Reality Check

General election 2019: Can the NHS boost nurse numbers by 50,000?

NHS staff Image copyright Getty Images

The Conservative manifesto pledges to add 50,000 nurses to the workforce in England by 2024-25.

How realistic is this target, particularly given that nurse numbers have gone up by only about 5,000 since 2010?

Workforce is one of the main concerns for the NHS in England right now. Health employers talk of difficulties filling rotas and worries about how future staff can be recruited at a time of rising patient demand.

In an attempt to address that, the Conservatives have said that if re-elected they would take action to address the problem.

This will be achieved, according to the party, by training more staff, international recruitment and better retention of existing nurses.

Number of nurses

NHS England, full time equivalent at September of each year

Source: NHS Digital. In 2009, there was a methodology change so numbers not directly comparable.

Measured by full-time equivalent posts, there are currently around 280,000 nurses in England.

This does not include the more than 40,000 vacancies for nursing roles. The Conservatives' pledge implies a net increase to around 330,000 by 2024-25 - that is nurses in posts and not including vacancies.

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How many new nurses do the Conservatives want to train?

The party says 14,000 more nurses will be trained with extra clinical placements funded in the NHS.

A maintenance grant (scrapped by the Conservative Government in 2017) will be reintroduced. This will range between £5,000 and £8,000, depending on clinical areas with most need for new nurses. But tuition fees for nurses - not levied before 2017, but currently up to £9,250 a year - will not be scrapped.

The party refers to "reducing attrition during the course", in other words persuading more students to finish their training for example by raising the quality of clinical placements.

Another 5,000 more nursing staff will come from apprenticeships which are designed to allow recruits to be trained in the workplace without the need to pay tuition fees and study at university.

Some of these, it is assumed, would be existing nursing associates who would gain additional qualifications. Nursing associates bridge the gap between health and care assistants and registered nurses, who are freed up to focus on more complex clinical care.

But the Nuffield Trust think tank notes that the nurse apprenticeship scheme is relatively new and by the middle of 2018, only 300 people had started.

That 19,000 total compares with Labour's promise of 24,000 more trained nurses (Labour wants to scrap tuition fees and reintroduce maintenance grants).

What about international recruitment?

The Conservatives want to see 12,500 more nurses recruited from overseas.

According to research by the House of Commons library, 16% of nurses in England are non-British nurses. In modern times the NHS has always required international recruitment.

The question is whether the extra 12,500 on top of existing efforts is achievable. The Conservatives argue that halving the cost of visas will help attract more staff from outside the UK.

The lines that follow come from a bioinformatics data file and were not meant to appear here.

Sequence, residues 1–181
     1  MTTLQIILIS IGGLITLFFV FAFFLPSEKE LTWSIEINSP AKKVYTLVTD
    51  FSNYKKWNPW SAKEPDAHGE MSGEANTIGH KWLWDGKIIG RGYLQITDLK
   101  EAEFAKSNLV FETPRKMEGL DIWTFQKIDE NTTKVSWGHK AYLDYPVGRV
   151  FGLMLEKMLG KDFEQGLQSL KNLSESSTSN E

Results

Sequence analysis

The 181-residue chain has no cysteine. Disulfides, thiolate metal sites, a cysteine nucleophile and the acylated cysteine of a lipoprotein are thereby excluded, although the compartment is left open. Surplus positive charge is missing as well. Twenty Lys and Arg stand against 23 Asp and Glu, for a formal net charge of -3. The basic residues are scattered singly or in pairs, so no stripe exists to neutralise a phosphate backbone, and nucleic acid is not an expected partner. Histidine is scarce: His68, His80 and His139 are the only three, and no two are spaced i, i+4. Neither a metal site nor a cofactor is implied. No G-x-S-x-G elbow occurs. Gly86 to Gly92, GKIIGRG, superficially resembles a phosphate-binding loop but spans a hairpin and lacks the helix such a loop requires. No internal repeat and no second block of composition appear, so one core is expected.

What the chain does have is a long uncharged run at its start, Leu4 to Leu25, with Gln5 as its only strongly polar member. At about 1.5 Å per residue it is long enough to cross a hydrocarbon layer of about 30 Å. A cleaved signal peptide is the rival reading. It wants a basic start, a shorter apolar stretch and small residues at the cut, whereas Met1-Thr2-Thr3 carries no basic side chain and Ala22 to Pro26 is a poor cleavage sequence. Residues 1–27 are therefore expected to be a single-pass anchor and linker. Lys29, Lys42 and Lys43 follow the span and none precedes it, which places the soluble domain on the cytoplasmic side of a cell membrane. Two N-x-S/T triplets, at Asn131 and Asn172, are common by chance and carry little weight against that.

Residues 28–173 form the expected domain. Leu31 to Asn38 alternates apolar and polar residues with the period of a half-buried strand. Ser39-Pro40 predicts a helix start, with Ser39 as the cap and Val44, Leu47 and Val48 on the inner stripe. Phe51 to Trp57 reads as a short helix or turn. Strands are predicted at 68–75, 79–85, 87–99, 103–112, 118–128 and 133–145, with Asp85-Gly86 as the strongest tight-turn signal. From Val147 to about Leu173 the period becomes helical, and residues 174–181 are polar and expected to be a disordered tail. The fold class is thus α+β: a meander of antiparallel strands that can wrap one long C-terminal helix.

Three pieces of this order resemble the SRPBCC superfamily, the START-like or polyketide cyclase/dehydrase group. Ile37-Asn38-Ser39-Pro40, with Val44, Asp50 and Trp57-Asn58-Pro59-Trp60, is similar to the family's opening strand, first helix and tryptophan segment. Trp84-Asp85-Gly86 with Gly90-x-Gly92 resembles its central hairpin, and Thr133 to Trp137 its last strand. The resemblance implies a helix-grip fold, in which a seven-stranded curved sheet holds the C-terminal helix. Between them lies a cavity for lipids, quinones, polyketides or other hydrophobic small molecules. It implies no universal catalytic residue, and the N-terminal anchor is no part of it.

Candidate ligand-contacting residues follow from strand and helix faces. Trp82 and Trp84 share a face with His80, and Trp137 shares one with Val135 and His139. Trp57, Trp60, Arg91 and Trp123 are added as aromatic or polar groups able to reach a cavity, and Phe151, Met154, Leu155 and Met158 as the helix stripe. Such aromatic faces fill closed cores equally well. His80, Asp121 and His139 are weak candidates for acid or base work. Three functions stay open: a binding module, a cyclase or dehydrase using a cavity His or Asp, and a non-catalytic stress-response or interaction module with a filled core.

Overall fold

But the health surcharge (levied to cover a foreign worker's care needs should they arise) will increase under the party's plans.

What is more, EU recruits who currently can work in the UK without any additional cost burden, will have to pay these fees after Brexit.

The Conservatives' target looks ambitious.

How will better retention help?

The Conservatives say that 18,500 extra nurses can be found by using policies to ensure fewer leave the NHS.

The aim is to lower the proportion of staff who leave each year, known as the turnover rate. In other words the aim is to ensure that 18,500 nurses who might otherwise have left remain in their jobs.

NHS England is already addressing this issue by promoting more flexible working, enhancing continuing professional development and encouraging highly qualified staff who have left in recent years to return to the NHS.

Internal projections suggest that as many as 20,000 nursing staff who might have otherwise quit could still be working for the NHS in five years' time.

But much will depend on the money allocated in the spending review after the election for public sector pay, a key factor in retaining staff.

What do health experts think?

Both inside the NHS and among independent health commentators there is agreement that around 50,000 more nurses than now will need to be working in the service in five years' time.

The Health Foundation, Nuffield Trust and King's Fund think tanks, in a joint report, argued that 5,000 nurses will have to be recruited annually from overseas over four years to avoid staff shortages even if other initiatives are pursued to boost the workforce such as reintroducing maintenance grants.

That would mean 20,000 more internationally recruited nurses by 2023, considerably more than the Conservative plan.

Training, they argue is essential, but it is not an immediate solution as it takes three years for nurses to qualify.

How many nurses does the NHS need?

Current trends in demands and nurse recruitment

Source: Health Foundation

Is there confusion over timing?

Culture Secretary Nicky Morgan, in broadcast interviews, said the party pledge for 50,000 was over 10 years. This caused confusion as there was no specific date in the manifesto.

However, briefing notes issued alongside the document referred to the target being reached by 2024-25, at the end of the next Parliament.

Conservative sources have indicated that Ms Morgan was wrong to refer to 10 years and that the pledge is a five-year one.

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